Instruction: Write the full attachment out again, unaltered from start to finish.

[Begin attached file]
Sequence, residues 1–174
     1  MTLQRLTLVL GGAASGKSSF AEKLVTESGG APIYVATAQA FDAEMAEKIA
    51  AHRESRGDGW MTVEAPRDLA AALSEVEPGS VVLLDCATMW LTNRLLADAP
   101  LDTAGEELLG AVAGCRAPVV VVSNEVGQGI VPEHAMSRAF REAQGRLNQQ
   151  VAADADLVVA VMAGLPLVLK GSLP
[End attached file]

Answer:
Sequence, residues 1–174
     1  MTLQRLTLVL GGAASGKSSF AEKLVTESGG APIYVATAQA FDAEMAEKIA
    51  AHRESRGDGW MTVEAPRDLA AALSEVEPGS VVLLDCATMW LTNRLLADAP
   101  LDTAGEELLG AVAGCRAPVV VVSNEVGQGI VPEHAMSRAF REAQGRLNQQ
   151  VAADADLVVA VMAGLPLVLK GSLP